The Last Night

Last Sunday afternoon, my friend and I cycled to Tate Modern. He’d been wanting to cheer me up, had noticed for a while now that a cobwebby gloom had descended upon me, and said, let’s do something fun. Actually, the bike ride was probably the best part; the freedom of the Sunday streets with all of the afternoon before us. London is a complicated city, I think, the relative that can either break the party or make it, but that day it was perfect; the sternness of St John Street giving way to Smithfield, the narrow passages around Hatton Garden, the City and then the river. My friend pointed out that we’d whirled past a 12th century church without even noticing.

So, after a couple of hours of socially distanced art, we came back, stopped to look. And heard singing.

When did you last hear singing?

It feels like there have been so many last nights, this year. We’ve not just been making hay while the summer sun shines. We — or at least, I — have been trying to do a year’s worth of everything. There was a week on foreign soil in which I stockpiled memories, minute by minute; this sunshine cupping my face is what I will think of when I look up and see that it is dark at four. Ice cream dripping down my wrists and forming white polka dots on a scalding pavement – I will think of this in January, when it rains for ten days in a row. And when I put my hand to the hot forehead and the coughing begins, I must remember this moment, swimming in the sea, the sky and the salt and the endless horizon. These last few weeks, we’ve all had to cram ourselves with a year’s worth of joy.

Look, I’m not immune to the pleasures of autumn. Conkers and the scent of an open fire, brown leather boots and mushrooms. Pie.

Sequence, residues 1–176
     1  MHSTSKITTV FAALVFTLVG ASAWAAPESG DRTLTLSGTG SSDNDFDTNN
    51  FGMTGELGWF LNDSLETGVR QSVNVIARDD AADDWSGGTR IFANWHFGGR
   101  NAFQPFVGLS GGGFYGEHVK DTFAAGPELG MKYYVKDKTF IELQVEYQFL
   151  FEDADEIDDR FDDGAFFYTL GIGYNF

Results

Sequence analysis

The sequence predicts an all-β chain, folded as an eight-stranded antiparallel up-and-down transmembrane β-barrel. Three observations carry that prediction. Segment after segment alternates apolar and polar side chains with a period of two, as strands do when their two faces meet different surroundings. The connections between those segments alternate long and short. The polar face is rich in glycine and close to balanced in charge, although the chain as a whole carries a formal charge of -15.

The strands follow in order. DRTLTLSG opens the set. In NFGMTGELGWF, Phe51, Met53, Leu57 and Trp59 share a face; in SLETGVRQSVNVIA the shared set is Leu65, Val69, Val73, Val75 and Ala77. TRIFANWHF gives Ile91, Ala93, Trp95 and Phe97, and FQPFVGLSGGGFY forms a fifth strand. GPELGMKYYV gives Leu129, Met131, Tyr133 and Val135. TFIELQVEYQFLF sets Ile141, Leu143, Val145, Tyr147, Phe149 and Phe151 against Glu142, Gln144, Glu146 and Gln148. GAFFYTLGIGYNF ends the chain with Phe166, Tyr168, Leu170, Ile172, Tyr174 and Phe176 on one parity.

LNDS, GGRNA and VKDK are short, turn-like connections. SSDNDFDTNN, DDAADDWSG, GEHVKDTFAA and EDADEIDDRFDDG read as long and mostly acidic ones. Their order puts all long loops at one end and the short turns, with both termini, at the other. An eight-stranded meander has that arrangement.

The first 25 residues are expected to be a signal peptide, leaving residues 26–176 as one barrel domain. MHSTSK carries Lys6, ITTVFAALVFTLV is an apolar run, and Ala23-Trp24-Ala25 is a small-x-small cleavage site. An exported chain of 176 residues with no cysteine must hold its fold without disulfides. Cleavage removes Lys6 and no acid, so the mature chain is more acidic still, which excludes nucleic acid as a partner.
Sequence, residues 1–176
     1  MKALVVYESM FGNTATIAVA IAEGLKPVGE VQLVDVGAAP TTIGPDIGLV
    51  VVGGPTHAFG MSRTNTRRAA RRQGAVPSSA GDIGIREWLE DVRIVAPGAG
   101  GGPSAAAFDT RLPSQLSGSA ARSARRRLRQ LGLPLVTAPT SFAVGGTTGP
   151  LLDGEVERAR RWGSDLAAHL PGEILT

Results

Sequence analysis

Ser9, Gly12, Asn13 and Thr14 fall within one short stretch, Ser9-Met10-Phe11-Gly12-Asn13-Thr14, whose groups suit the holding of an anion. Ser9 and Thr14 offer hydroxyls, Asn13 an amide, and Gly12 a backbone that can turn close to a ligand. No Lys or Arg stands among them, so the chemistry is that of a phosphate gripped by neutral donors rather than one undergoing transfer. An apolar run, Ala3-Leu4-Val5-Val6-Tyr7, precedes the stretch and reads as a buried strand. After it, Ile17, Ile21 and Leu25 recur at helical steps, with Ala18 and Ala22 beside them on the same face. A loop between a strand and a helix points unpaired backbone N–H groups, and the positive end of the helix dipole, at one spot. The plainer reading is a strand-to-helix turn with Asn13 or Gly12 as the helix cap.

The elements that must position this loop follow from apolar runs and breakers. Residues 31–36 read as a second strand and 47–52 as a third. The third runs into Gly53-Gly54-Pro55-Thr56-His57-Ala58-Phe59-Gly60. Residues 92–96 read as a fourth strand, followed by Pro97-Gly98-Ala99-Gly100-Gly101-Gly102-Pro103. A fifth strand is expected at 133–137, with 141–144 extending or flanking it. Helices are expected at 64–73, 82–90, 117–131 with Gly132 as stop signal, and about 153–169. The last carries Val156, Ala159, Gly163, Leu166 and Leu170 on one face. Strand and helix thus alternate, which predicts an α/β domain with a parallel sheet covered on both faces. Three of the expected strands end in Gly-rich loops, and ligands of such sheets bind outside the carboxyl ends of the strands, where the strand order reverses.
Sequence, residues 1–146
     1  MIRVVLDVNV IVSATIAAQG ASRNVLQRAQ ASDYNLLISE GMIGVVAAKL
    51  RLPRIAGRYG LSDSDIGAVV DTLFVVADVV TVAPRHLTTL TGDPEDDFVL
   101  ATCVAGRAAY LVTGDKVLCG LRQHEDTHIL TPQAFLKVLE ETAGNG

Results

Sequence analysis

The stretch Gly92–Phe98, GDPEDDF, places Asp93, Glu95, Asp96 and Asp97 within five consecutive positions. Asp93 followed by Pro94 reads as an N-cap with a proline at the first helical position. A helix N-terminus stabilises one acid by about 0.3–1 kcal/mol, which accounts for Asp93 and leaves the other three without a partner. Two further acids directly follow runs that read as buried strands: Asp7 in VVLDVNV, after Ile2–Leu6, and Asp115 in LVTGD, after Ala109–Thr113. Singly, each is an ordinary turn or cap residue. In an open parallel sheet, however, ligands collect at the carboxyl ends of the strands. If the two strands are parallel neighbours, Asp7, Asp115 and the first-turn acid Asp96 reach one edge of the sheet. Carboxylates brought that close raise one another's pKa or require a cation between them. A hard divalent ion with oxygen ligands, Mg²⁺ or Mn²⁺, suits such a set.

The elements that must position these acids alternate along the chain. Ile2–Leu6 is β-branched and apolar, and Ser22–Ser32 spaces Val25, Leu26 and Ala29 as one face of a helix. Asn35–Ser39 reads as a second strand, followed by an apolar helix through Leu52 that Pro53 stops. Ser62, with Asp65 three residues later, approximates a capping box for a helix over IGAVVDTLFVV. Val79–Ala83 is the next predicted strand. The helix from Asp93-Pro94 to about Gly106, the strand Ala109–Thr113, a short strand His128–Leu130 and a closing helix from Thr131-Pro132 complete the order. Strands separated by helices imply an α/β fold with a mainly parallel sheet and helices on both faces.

It’s just that this year is different. But you know that.

My friend and I stood in the evening light and marvelled and it was golden and glorious. And then someone from the church came out, and said, ‘They’re just running through a few bits before Evensong. Come in. Come in!’

So we chained our bikes and went into this exquisite church, where a kind man ushered us past a DO NOT ENTER sign so we could see the view from the pulpit and ah, it was like being inside an incense scented box of jewels. Then we bowled home through the soft sunshine and the pavements of Upper Street were decked with tables and chairs, and there were people sitting out having dinner in the last breaths of summer.

And I thought, as I flew through, THIS is what I’ve missed, and this is what will soon vanish again, the sense of life as a gift waiting to be unwrapped. The small and unexpected lovelinesses that can sometimes elevate… everything.

It’s not forever and goodness knows, it’s hardly even suffering, really. There are books and there is TV. There is pie, and pie is no small thing (at least, not the way I make them).

I suppose, though, what I yearn for is the unexpected. Adventure isn’t something to pre-book. Intimacy doesn’t wear a mask. Quarantine, illness, Brexit, I glance up and they draw ever closer and my attempts at spontaneity feels like a picnic beneath towering cliffs. The rocks groan as we pass round the jam sandwiches, I lift my little boy high and see the the first stones begin to fall. This will bury us, I think, if not in sickness, then in something else. In the endless hopeless dark.

No. No no no.

I don’t yet know what it is that will save me, save us. Maybe it’s this, here. You, reading my words. I know you can’t take my hand, but please, know that I am waving, from my desk, from my doorway, from the upper window.

Wave back, won’t you? And together, let’s think of a time, one day, soon, when we will sing.

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Marianne Levy

Marianne Levy

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